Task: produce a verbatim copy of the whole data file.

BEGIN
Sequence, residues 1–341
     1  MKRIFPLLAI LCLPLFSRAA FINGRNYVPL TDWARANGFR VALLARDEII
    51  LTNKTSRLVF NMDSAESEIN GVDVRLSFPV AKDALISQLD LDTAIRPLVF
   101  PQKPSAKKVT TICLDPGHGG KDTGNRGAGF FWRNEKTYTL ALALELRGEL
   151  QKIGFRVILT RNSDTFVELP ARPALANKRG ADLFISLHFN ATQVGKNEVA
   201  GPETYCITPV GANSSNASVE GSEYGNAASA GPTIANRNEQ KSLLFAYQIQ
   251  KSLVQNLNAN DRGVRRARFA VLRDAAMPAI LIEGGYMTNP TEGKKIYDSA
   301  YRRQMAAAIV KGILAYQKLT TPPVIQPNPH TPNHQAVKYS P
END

Sequence, residues 1–341
     1  MKRIFPLLAI LCLPLFSRAA FINGRNYVPL TDWARANGFR VALLARDEII
    51  LTNKTSRLVF NMDSAESEIN GVDVRLSFPV AKDALISQLD LDTAIRPLVF
   101  PQKPSAKKVT TICLDPGHGG KDTGNRGAGF FWRNEKTYTL ALALELRGEL
   151  QKIGFRVILT RNSDTFVELP ARPALANKRG ADLFISLHFN ATQVGKNEVA
   201  GPETYCITPV GANSSNASVE GSEYGNAASA GPTIANRNEQ KSLLFAYQIQ
   251  KSLVQNLNAN DRGVRRARFA VLRDAAMPAI LIEGGYMTNP TEGKKIYDSA
   301  YRRQMAAAIV KGILAYQKLT TPPVIQPNPH TPNHQAVKYS P